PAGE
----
List of corporate collapses and scandals
A corporate collapse typically involves the insolvency or bankruptcy of a major business enterprise. A corporate scandal involves alleged or actual unethical behavior by people acting within or on behalf of a corporation. Many recent corporate collapses and scandals have involved false or inappropriate accounting of some sort (see list at accounting scandals).
List of major corporate collapses
The following list of corporations involved major collapses, through the risk of job losses or size of the business, and meant entering into insolvency or bankruptcy, or being nationalised or requiring a non-market loan by a government.
|Medici Bank||Florence||1494||Banking||Owned by the Medici family, it ran up large debts due to the family's profligate spending, extravagant lifestyle, and failure to control the managers, their bank went insolvent.|
|Mississippi Company||France||Sep 1720||Colonialism||Scottish economist John Law convinced the French government to support a monopoly trade venture in Louisiana. He marketed shares based on great wealth, which was highly exaggerated. A speculative bubble grew and then collapsed, and Law was expelled.|
|South Sea Company||Great Britain||Sep 1720||Slavery and colonialism||After the War of Spanish Succession, Great Britain signed the Treaty of Utrecht 1713 with Spain, ostensibly allowing it to trade in the seas near South America. In fact, barely any trade took place as Spain renounced the Treaty, however this was concealed on the British stock market. A speculative bubble saw the share price reach over £1000 in August 1720, but then crash in September. A Parliamentary inquiry revealed fraud among members of the government, including the Tory Chancellor of the Exchequer John Aislabie, who was sent to prison.|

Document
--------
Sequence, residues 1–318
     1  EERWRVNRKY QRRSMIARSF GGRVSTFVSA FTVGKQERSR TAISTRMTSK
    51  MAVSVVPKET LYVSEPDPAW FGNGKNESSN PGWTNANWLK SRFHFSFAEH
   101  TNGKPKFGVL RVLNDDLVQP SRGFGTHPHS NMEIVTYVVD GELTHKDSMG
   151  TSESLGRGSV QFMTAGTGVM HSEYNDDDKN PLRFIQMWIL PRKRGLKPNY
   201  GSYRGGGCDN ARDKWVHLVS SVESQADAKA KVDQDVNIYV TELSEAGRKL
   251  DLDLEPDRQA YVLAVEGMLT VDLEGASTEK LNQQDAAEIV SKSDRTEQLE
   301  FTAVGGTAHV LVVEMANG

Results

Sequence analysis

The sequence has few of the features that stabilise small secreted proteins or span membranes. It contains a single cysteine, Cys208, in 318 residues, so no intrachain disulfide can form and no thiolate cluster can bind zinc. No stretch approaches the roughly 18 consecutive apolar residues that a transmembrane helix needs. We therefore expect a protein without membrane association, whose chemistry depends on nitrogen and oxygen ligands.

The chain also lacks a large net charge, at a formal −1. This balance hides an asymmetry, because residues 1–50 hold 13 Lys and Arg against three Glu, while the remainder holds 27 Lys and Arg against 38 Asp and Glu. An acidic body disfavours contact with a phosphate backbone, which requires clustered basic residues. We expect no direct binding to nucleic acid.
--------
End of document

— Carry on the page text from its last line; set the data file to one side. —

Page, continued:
|Dutch East India Company||Batavian Republic||31 December 1799||Colonialism||This huge early publicly listed multinational company founded in 1602 fell victim of declining markets in the late 18th century, internal corruption and excessive distribution of dividends (in excess of its profits), and finally Anglo-Dutch wars. It was nationalised by the Batavian Republic in 1796 but nevertheless closed down at the end of 1799.|